At Kashiwa station there are a bunch of malls...Soho, Takashimaya, Marui, Vat...and they're all sort of connected but hold a variety of stores. I get lost all the time when I'm like..."wait was the Disney store here or in the other mall?" "Was it on the 2nd floor...or 8th floor?" Malls in Japan are tall and narrow so often times there are 10 floors to get lost on. haha 

So there you have it folks...the place I call home and the station that will always feel the most familiar to me. There are a lot of station in Japan, all with their own character and vibe, but I love that I get to call this one home.  


Most days, I stop by the convenience store in the morning to pick up some yogurt, small bento or sandwich for lunch and head to school. Our school doesn't have a cafeteria and it's not really practical for me to make a bento every morning for myself, so convenience store it is!

The weeks usually fill up with dinner with friends, dinner in Kashiwa before my Japanese lesson, or various events and outings so I find myself eating out a lot. In the states thats a no-go, super unhealthy and expensive...but in Japan, eating out is the easiest, most delicious, and best way to go for me! 

Feast your eyes on what I have been eating lately...

TABLE BEET - Talk about some beautiful vegetables. I grew up eating my grandmothers incredible pickled beets (seriously, so good) so to have a restaurant in my hometown here called TABLE BEET was just so perfect. Along with some beautiful vegetables they also serve a mean cafe mocha. 

KAITEN SUSHI-The life of a non-seafood-eating-human in Japan. Yes, yes all of you sushi lovers are shaking your head looking at this photo...but the truth is this is all I eat at sushi restaurants and I am perfectly content! Tamago (egg), corn+mayonnaise, and hamburger sushi!! 

BASEBALL GAME BENTO - You know you're in Japan when they sell amazing beef bentos at baseball games. This one came with pickled veggies on the side...and the meat was so good!

ROKURINSHA - classis. This is a hot spot for tourist (mostly foodies) and locals who know a good bowl of tsukemen when they see it. The broth here is a littttttle too shrimpy for me but honestly its so good I don't mind! 

GYUKATSU MOTOMURA - once again, the 4hour meal. Literally waited 4 hours for this plate of food. It may look simple, but BOY LET ME TELL YOU THE BEEF WAS OFF THE CHAIN. Next time I am going at an off hour and ordering two filets haha. 

THIRTY-LOVE - this cafe is conveniently a 5 minute walk from my house and feels more like your best friend's mom's kitchen rather than a restaurant. It's that cozy! They have this crazy good katsu-donburi (amazing friend pork over rice smothered in delicious sauce and topped with EGGGG YUMMM). 

*side note, in Japan it is not common to have to-go boxes. Probably because Japan actually has proper portion sizes so people can actually finish a meal. But this restaurant has to-go boxes so when I order the katsudon I get two meals in one!!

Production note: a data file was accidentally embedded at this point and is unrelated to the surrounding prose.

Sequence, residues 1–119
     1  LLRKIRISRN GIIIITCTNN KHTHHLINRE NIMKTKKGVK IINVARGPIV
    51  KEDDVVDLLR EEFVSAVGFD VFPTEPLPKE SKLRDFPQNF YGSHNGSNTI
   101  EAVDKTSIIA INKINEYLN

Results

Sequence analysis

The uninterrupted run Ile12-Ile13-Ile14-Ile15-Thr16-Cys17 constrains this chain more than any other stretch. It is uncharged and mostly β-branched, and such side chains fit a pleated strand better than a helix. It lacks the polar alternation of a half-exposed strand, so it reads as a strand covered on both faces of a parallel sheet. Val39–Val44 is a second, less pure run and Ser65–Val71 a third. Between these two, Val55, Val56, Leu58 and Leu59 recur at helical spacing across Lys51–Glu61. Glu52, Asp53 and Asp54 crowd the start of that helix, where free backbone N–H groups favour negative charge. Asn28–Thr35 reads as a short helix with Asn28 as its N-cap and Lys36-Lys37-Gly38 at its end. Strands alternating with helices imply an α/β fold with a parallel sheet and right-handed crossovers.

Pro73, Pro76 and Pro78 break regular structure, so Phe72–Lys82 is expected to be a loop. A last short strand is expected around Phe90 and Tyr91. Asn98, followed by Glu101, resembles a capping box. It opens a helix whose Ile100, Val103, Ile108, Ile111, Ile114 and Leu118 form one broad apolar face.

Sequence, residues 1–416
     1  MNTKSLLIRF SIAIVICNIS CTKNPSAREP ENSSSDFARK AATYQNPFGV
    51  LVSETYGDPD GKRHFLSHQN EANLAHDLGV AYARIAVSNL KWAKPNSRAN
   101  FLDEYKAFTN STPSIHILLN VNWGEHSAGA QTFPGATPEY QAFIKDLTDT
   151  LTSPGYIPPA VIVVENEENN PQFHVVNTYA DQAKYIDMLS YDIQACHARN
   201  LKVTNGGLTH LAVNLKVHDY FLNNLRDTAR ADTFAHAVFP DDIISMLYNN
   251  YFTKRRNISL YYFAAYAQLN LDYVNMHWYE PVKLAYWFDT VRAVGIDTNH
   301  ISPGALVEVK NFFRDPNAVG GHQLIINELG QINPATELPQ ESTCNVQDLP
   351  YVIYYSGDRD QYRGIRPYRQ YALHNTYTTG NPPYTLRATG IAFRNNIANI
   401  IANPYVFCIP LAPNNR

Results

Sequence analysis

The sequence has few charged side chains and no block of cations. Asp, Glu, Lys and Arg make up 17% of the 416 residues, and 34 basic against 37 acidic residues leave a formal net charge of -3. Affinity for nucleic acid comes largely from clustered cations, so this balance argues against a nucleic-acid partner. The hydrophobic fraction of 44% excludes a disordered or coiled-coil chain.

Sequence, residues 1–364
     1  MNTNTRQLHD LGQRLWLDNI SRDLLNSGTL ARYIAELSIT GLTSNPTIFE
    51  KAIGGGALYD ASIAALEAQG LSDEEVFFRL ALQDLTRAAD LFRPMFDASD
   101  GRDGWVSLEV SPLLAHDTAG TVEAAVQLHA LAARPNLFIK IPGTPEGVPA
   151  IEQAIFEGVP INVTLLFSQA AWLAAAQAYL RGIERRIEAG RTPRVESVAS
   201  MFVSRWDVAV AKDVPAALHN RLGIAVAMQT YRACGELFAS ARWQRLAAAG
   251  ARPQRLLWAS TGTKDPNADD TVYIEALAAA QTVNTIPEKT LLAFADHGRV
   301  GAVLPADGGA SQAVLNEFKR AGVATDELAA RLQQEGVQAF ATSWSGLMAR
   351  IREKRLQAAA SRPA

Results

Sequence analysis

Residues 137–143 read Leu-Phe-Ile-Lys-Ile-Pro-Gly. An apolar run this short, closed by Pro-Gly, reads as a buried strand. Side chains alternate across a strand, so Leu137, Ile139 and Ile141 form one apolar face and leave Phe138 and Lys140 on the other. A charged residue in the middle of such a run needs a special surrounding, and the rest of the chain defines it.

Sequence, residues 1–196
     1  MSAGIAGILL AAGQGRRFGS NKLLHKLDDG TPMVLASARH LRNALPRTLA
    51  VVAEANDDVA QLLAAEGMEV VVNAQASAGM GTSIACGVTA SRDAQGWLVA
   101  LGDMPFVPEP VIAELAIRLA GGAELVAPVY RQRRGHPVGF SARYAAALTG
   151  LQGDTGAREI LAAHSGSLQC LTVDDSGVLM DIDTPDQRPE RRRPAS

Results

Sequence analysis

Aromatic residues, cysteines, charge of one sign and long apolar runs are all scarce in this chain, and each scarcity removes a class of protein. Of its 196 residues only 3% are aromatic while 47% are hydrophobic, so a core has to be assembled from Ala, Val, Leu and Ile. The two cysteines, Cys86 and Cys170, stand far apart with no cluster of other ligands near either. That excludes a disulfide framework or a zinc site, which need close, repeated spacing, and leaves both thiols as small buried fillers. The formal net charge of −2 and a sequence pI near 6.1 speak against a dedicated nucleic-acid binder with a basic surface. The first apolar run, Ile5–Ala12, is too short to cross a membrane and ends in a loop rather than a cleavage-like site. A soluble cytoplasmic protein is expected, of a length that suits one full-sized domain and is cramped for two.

MARUCHO- this is a tiny restaurant down the back streets of kashiwa and is always booked months in advance. My coworker called in for us three of us to go and we got a tiny table there and enjoyed some really really good yakitori! The raw egg with the chicken meatball skewer was out of this world...and ironically, my fav was the bacon wrapped tomatoes which had no chicken at all but was so so good.  

These beautiful looking onigiris are from the basement of kashiwa station. These are honestly the most beautiful inari I have ever seen and getting food in the basement of the shopping mall is one of the best parts of Japanese life. 

SENJU- Yakinikuuuuuuuu!! My friends Mina and Aki took me here and we feasted on some amazing beef. Beef tongue is super popular here in Japan, it's a little too chewy for me, but this place had pretty good tongue! 

On weekdays when I don't have a dinner to go to I usually stop by 7-11 next to my apt and get dinner. The food there is really good and this time I tried the buta tofu (pork tofu). They even warm it up for you at the store so you are good to go. I ate it while catching up on the NBA finals. *also, for size reference, that's my ipad not my phone!! 

FESTA MARIO - Paella! Found this new spanish spot earlier this year and they serve a killer paella. This whole giant plate cost like $10 and this cheeze one was amazing. Definitely good to mix up the cuisine every once in a while so I always love coming here. 

TRIBE VIBES - what a cool name right? This tiny burger spot is a bit of a walk from the station but they make one of the best burgers I've had. My friend got this one with a MARSHMALLOW INSIDE. YES, A MALLOW IN A BURGER WHAT? I got the super spicy one with jalapeno and hot sauce...amazing. 

MOS BURGER- the McDonalds of Japan and the spot for rice burgers! NOMZZZ. You know you're in Japan when you can order a rice-burger at your nearby fast food spot.

This was another basement-floor-of-the-department-store lunch I had. How perfect is it? Two onigiri (love the umeboshi one) two karage, and tamago It cost about $3...so simple, so good.